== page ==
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Designer Skin LLC v. S & L Vitamins, Inc., et al.
Unauthorized internet reseller of plaintiff’s products is not guilty of trademark infringement, and does not cause actionable initial interest confusion, by using plaintiff’s trademarks in meta tags of website at which plaintiff’s and its competitors’ products are sold, and in..., Inc. v. Verio, Inc.

126 F. Supp. 2d 238 (S.D.N.Y., December 12, 2000) (Jones, J.) aff'd. 356 F.3d 393 (2d Cir. 2004)

Court issues a preliminary injunction enjoining Verio, Inc. from either utilizing a search robot to obtain information from's Whois database, or utilizing information derived from that database for mass unsolicited advertising by telephone, direct mail or electronic mail. Court holds that Verio's actions will likely constitute a breach of plaintiff's Terms of Use, as well as a violation of both the Computer Fraud and Abuse Act and the Lanham Act and a trespass to chattels. In reaching this conclusion, the court holds that's Terms of Use are likely to create a contract between and the users of its Whois database, notwithstanding the fact that these users are not required to click an "I Agree" button indicating their agreement to be so bound. operates a domain name registration service. It also provides a variety of related services, including web site hosting and electronic mail. To be authorized to provide domain name registration services, was required to and did enter into a Registrar Accreditation Agreement with ICANN. Pursuant to this agreement, is required to provide the public with access to a Whois database containing, inter alia, contact information by which one can reach those individuals who utilize's services to register their domain name. This agreement with ICANN sets forth the restrictions can place on the uses made by the public of data they obtain from the Whois database. More particularly, this agreement provides:

Registrar shall not impose terms and conditions on use of the data provided except as permitted by ICCAN-adopted policy. Unless and until ICANN adopts a different policy, Registrar shall permit use of data it provides in response to queries for any lawful purposes except to: (a) allow, enable, or otherwise support the transmission of mass unsolicited, commercial advertising or solicitations via e-mail (spam); or (b) enable high volume, automated, electronic processes that apply to Registrar (or its systems).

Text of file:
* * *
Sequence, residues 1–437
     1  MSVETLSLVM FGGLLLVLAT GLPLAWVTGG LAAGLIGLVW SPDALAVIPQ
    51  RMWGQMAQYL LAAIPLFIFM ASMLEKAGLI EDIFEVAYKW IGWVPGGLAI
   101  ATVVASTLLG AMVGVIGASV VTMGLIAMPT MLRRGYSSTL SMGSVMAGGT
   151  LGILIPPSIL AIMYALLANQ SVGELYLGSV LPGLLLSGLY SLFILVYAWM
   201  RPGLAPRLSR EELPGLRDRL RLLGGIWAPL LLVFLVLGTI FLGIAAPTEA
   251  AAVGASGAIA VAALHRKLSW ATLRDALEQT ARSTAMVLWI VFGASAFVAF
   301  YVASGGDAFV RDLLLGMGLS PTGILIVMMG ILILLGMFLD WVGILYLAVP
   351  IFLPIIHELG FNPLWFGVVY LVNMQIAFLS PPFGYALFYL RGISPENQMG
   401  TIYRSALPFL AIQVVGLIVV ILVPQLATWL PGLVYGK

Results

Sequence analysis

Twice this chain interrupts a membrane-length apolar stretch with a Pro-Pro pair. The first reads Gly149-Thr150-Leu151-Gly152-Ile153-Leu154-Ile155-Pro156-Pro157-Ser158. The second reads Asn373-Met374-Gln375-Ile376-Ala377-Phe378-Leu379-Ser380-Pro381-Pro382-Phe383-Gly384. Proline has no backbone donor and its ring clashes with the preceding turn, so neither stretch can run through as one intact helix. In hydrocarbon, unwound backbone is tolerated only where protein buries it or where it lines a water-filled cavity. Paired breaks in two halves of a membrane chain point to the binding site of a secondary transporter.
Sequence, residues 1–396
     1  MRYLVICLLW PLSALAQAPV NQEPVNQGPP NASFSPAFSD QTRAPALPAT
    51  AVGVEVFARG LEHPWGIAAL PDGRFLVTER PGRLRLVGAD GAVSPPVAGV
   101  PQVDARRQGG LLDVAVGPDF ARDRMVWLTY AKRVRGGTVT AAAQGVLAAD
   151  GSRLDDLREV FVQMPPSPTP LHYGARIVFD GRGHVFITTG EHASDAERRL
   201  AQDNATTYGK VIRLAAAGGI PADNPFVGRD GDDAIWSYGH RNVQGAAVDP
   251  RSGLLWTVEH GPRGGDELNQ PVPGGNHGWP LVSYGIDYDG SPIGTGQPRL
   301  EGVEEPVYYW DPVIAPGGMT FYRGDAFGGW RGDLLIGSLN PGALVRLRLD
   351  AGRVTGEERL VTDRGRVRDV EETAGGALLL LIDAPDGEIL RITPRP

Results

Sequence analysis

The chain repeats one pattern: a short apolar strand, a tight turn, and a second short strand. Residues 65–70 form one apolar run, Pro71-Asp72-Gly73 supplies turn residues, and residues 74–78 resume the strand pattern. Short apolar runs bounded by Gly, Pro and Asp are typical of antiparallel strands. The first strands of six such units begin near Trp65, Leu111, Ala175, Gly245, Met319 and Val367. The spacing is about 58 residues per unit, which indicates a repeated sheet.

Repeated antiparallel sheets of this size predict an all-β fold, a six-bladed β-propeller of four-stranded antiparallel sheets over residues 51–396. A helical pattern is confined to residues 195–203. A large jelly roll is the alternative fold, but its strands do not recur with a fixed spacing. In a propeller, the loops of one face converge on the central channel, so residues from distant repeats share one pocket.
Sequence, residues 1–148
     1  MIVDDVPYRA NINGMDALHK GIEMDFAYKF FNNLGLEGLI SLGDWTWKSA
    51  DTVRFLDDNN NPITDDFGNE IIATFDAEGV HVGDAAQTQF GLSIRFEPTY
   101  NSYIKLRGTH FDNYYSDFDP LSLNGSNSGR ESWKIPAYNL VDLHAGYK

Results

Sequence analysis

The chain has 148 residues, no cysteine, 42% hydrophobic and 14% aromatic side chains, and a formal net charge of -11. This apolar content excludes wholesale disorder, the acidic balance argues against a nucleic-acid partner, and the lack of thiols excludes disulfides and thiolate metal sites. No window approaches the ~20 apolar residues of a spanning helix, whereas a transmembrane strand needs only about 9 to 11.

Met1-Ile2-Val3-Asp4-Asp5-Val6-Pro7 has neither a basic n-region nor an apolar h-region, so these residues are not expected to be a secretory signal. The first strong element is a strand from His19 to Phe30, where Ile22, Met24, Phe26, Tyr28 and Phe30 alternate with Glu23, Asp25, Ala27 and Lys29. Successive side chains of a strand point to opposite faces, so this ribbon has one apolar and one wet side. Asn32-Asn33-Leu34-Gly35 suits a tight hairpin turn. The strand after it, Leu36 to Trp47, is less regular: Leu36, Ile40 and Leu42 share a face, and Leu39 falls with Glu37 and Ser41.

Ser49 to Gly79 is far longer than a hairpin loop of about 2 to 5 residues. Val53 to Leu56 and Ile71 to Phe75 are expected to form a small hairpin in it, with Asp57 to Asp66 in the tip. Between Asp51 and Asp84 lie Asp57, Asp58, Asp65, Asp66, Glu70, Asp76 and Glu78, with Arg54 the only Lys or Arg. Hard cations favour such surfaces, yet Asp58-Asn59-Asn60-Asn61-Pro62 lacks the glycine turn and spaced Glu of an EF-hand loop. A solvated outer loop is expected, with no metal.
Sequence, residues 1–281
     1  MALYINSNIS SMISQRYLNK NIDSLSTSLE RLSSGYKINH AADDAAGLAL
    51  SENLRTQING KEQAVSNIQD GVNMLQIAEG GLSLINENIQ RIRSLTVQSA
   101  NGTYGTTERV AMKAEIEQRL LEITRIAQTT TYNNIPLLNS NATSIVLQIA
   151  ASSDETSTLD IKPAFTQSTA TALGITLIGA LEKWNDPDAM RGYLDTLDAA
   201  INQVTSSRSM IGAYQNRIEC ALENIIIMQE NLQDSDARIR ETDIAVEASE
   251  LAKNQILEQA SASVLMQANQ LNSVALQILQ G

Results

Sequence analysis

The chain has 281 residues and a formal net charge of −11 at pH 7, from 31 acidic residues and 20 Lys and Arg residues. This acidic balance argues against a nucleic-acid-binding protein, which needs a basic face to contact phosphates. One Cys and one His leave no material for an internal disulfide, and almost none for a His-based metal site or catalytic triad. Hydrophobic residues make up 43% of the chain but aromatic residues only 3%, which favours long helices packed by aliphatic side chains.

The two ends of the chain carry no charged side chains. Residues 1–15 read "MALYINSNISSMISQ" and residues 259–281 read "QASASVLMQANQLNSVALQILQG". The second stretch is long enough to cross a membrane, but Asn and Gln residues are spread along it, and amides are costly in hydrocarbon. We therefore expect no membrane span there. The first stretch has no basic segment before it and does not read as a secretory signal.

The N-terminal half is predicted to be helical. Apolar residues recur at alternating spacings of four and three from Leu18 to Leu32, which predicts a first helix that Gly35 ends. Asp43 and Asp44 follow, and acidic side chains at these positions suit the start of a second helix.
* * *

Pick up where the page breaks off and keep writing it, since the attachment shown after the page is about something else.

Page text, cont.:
In apparent breach of this agreement (see footnote 3 of the court's decision) imposed greater restrictions on the use of data derived from its Whois database then those provided in its agreement with ICANN. prohibited the use of data obtained from the database not only for sending unsolicited electronic mail, as provided for by ICANN, but also for solicitation via regular mail and telephone.'s Terms of Use provide, in pertinent part:

[B]y submitting a Whois query, you agree that you will use this data only for lawful purposes and that, under no circumstances, will you use this data to: (1) allow, enable or otherwise support the transmission of mass unsolicited commercial advertising or solicitations via direct mail, electronic mail, or by telephone; or (2) enable high volume, automated, electronic processes that apply to (or its systems). The compilation, repackaging, dissemination or other use of this data is expressly prohibited without the prior written consent of reserves the right to modify these terms at any time. By submitting this query, you agree to abide by these terms.

Importantly, a user does not see these terms until after he has submitted a Whois query. The user is then shown the results of his query, which results are preceded by the Terms of Use cited above. The user is not asked or required after seeing these Terms to click any button or icon indicating his assent thereto.

Verio, Inc. is a company that provides a variety of internet services, including web site hosting and development. To assist it in developing its business, Verio decided to market its services to individuals who recently registered domain names. Verio obtained information concerning the identity and whereabouts of these individuals, in part, by using a search robot to search's Whois database. Verio then utilized this information to solicit business from these individuals via telemarketing and e-mail. objected to these activities, sent cease and desist letters to defendant with respect thereto, and finally commenced the instant lawsuit. In its suit, charged that these activities violated its Terms of Use, and constituted both a trespass to chattels as well as a violation of the Computer Fraud and Abuse Act and Lanham Act. The Court, finding that plaintiff was likely to succeed on the merits of these claims, issued a preliminary injunction enjoining Verio from continuing these activities.